Beyond current research practice: Methodological consideration in MS rehabilitation research (is designing the perfect rehabilitation trial the Holy Grail or a Gordian knot?)
das Nair, Roshan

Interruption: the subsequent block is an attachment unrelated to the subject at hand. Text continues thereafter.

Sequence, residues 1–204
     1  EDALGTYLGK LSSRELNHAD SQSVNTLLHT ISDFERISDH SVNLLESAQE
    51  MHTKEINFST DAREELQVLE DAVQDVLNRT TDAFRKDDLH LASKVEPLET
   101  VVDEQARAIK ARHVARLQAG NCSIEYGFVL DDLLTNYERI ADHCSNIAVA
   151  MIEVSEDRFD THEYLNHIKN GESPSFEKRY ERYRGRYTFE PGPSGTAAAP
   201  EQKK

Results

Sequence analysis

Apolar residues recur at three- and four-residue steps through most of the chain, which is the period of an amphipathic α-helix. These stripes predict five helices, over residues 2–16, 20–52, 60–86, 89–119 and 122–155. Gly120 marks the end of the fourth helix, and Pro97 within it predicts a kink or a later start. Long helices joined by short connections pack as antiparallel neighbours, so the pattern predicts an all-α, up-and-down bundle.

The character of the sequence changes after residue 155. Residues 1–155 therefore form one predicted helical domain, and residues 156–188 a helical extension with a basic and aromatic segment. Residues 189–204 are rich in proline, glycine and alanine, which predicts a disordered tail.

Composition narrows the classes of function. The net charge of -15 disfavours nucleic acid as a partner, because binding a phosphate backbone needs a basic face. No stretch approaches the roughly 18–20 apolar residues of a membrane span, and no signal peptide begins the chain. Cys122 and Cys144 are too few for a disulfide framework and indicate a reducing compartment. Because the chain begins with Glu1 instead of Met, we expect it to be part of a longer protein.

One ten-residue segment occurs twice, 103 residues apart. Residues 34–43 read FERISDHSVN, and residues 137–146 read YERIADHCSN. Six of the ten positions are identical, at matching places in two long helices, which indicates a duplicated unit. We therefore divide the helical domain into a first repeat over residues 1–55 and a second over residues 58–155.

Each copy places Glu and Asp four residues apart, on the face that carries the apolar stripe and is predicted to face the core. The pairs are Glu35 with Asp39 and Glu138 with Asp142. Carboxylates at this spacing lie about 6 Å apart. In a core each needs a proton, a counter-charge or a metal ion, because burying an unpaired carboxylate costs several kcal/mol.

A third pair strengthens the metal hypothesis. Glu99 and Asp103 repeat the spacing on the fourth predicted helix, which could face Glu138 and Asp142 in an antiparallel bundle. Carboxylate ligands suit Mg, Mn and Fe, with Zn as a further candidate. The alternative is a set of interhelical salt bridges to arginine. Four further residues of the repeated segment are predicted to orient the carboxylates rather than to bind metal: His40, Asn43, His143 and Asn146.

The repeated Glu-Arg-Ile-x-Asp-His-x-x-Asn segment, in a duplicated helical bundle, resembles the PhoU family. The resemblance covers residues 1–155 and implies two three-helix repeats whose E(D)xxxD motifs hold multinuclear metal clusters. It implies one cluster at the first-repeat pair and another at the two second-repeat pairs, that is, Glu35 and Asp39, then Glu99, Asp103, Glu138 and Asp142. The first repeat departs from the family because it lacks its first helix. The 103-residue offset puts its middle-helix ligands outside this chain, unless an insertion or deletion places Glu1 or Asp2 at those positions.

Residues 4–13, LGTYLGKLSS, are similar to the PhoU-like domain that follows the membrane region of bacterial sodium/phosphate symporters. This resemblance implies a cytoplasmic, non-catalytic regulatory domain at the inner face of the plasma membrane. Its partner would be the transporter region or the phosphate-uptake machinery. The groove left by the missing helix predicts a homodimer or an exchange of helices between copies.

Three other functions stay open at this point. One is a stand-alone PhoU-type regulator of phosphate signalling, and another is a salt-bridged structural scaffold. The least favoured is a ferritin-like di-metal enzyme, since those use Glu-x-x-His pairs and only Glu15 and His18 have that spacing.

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Rehabilitation is an essential aspect of symptomatic and supportive treatment for people with multiple sclerosis (MS). The number of randomised controlled trials (RCTs) for rehabilitation interventions in MS has increased over the last two decades. The design, conduct and reporting quality of some of these trials could be improved. There are, however, some specific challenges that researchers face in conducting RCTs of rehabilitation interventions, which are often 'complex interventions'. This paper explores some of the challenges of undertaking robust clinical trials in rehabilitation. We focus on issues related to (1) participant selection and sample size, (2) interventions - the 'dose', content, active ingredients, targeting, fidelity of delivery and treatment adherence, (3) control groups and (4) outcomes - choosing the right type, number, timing of outcomes, and the importance of defining a primary outcome and clinically important difference between groups. We believe that by following internationally accepted RCT guidelines, by developing a critical mass of MS rehabilitation 'trialists' through international collaboration and by continuing to critique, challenge, and develop RCT designs, we can exploit the potential of RCTs to answer important questions related to the effectiveness of rehabilitation interventions.